Spellbreak is the latest online-only battle royale contender to take on Fortnite and is out now on PSN as a free-to-play title. It comes from Boston-based devs Proletariat Inc and is a cross-play title which allows you to continue your progress across the various formats (including the Nintendo Switch).
The obvious comparison is with Fortnite in so far as it has a vaguely cartoonish look and you get the whole closing circle of doom thing from PUBG but Spellbreak‘s gimmick is that you play as a mage. A brief tutorial, which does a good job of explaining the core mechanics, you’ll be free to pick a game mode. The game currently supports solo, duo and squads (of three players).
As with other games in this space, you’ll pick a character class (basically your damage type) and then you’ll drop into the map from the air. So far, so familiar. But the mage aspect to the game is what sets this apart. Your class will dictate your weapon spell (fire, ice, electric, toxic and so on) and then you’ll run around trying to find the pick-ups that litter the area.
These items can grant you a second weapon type and this is where Spellbreak has its best idea, you can mix damage types. So, for example, you can cast a toxic cloud and as that’s doing damage you can ignite it with a fire spell. There are a load of combinations to explore and it all works well, echoing the system Magicka uses. These attacks are mapped to the left and right triggers and shoulder buttons so there’s a real feel of you having power in both hands.
You can also pick up gear to improve your speed, defence and so on and runes that give you abilities with cool-off periods such as a handy ability to locate other players or the oft-used flight ability which will see people flying all over the place because that seems to be the most popular one.
Once you drop in to the world, you’ll have that Fortnite-esque experience of running around for ages without seeing anyone before eventually running into people when half the field has been eradicated. Combat is pretty tough as the playerbase seems to like to move around a lot. You also have a mana pool which is easily depleted.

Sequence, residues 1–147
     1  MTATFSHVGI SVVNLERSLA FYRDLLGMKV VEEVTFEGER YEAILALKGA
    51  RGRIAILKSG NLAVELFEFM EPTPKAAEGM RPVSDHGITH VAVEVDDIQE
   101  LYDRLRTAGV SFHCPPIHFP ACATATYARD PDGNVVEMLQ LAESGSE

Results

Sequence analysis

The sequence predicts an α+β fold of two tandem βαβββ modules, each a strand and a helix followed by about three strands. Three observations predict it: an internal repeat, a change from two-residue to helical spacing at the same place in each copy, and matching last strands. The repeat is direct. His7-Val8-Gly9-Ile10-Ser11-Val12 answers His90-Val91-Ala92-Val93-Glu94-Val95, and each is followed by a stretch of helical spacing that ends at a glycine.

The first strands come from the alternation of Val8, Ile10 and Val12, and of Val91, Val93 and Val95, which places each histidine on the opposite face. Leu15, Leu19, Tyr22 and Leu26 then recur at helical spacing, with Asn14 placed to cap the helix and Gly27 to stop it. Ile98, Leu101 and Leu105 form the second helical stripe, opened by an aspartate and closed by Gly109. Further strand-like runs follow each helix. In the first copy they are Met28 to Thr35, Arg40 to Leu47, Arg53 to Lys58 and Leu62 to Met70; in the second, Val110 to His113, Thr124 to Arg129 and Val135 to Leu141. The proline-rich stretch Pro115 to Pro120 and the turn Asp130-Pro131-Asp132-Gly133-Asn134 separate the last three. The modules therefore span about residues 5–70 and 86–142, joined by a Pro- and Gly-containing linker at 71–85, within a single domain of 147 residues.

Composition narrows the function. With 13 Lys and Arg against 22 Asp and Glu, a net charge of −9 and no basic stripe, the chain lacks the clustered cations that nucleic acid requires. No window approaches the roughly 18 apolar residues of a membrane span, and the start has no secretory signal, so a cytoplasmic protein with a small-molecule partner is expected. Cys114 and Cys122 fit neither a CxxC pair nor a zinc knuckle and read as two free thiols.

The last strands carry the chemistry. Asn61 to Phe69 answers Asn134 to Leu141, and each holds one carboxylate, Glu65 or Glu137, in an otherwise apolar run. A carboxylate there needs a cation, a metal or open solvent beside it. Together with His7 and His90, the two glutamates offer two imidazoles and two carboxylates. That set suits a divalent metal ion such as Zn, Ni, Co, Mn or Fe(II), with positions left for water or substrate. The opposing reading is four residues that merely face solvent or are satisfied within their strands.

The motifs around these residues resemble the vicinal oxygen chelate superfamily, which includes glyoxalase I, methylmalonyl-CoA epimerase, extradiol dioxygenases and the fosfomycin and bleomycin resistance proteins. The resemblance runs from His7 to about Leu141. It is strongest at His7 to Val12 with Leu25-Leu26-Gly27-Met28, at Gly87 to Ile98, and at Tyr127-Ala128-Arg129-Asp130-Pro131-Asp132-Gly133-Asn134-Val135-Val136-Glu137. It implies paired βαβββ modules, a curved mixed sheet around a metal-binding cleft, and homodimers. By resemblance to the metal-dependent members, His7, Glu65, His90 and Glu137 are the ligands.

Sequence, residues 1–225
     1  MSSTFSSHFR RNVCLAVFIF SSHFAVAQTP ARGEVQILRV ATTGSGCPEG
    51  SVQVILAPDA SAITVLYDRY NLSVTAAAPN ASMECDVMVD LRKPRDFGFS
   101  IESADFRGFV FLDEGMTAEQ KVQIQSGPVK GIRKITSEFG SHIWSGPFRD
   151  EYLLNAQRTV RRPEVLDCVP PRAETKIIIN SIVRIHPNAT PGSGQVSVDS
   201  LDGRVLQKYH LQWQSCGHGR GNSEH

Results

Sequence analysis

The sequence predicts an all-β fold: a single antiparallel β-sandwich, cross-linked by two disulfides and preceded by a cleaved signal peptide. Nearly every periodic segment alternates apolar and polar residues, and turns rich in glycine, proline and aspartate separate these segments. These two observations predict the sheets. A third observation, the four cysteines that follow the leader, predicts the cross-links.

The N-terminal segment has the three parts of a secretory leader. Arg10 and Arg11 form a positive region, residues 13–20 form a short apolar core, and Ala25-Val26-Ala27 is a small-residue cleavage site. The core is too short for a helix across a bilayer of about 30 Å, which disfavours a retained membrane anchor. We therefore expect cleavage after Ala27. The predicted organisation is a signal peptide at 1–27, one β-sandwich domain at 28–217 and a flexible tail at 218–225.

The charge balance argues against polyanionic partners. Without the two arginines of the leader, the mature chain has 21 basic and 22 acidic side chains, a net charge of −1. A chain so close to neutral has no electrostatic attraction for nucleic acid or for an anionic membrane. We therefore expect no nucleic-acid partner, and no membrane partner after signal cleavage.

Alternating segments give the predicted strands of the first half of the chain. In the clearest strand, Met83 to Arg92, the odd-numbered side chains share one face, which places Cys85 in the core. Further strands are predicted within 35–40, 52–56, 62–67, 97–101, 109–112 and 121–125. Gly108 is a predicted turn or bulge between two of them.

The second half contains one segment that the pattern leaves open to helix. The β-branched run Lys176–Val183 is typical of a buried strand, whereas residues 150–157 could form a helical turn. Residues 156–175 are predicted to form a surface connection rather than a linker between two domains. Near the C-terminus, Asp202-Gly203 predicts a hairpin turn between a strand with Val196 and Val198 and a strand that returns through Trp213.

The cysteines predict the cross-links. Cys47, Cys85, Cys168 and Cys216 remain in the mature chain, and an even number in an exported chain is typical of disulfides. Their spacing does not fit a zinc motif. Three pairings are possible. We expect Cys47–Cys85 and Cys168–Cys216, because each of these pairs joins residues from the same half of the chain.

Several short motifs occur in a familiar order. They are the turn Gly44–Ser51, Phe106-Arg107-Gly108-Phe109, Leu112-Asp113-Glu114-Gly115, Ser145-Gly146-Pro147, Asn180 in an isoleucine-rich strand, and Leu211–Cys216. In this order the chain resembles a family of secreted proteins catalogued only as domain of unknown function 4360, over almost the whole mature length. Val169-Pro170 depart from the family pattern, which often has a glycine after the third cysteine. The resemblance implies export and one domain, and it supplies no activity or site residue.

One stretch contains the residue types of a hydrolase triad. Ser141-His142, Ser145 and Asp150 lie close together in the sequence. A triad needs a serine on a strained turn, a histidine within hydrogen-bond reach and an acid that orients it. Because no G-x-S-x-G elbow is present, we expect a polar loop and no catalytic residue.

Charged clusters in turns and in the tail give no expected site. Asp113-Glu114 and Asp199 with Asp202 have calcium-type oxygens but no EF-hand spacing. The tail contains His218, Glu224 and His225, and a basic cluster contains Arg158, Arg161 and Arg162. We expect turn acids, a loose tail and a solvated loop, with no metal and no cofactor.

In terms of accessibility and pace, Spellbreak is very beginner-friendly. You won’t be wrestling with complicated systems and tons of currency systems. After playing many, many hours of Dauntless the clarity and simplicity here is quite refreshing but that comes at a cost when it comes to depth. The game is accessible sure, but there’s not a lot of reason to keep going.
Battles are frantic but also can be confusing, I wasn’t always sure who was an enemy and who wasn’t (especially when people on my own squad were happy to kill me rather than rescue me) which is a problem given that friendly-fire is a real thing. The player base is like any other F2P one, so don’t expect to make any friends. Playing in solo mode was much better than squadding up with randoms.
The game does pull a bit of a fast one on you. You’ll likely win your first game. This isn’t because you’re a natural but rather because the first game is all bots set to ‘dumb’ but the illusion is welcome as it gives you a bit of belief. Subsequent games against experienced players will be a lot harder, trust us.
While we like the core gameplay there maybe is too much emphasis on picking up tat and it’s not always particularly clear what you’ve got and what you’re about to pick up. If you can avoid trouble, you can definitely gear up and give yourself an edge but it all felt a bit random at times and takes your eyes off the prize.
However, the game’s fast pace and clear, slightly-cartoony graphics make this a valid alternative to the big guns in the genre. PUBG, Warzone and Fortnite won’t be the competition here, those games can fight among themselves but Spellbreak offers a different enough spin to make it stand alone. That said, it doesn’t do much to keep your attention. The rewards of progress are cosmetic items. The can be bought with real money but we were surprised to see how bare the in-game shop was, offering just a couple of outfits and a handful of accessories.
There doesn’t seem to be much in the way of customisation either so unless you find the battles absolutely riveting, you may find the appeal of Spellbreak wears off pretty quickly. No doubt the game will get supported but currently the bland grassy setting and limited game modes meant that the fun wore off pretty quickly for us. But the game will be good for quick pick up and play sessions at least, even if that might put you at risk of being dominated by obsessives. Either way, as a free game with no pay-to-win nonsense, you can’t go far wrong here.
+ Clean visuals
+ Not bogged down in too much F2P complexity
- Gets repetitive pretty quickly
- Has a lot of running around without seeing anyone
- Not much content yet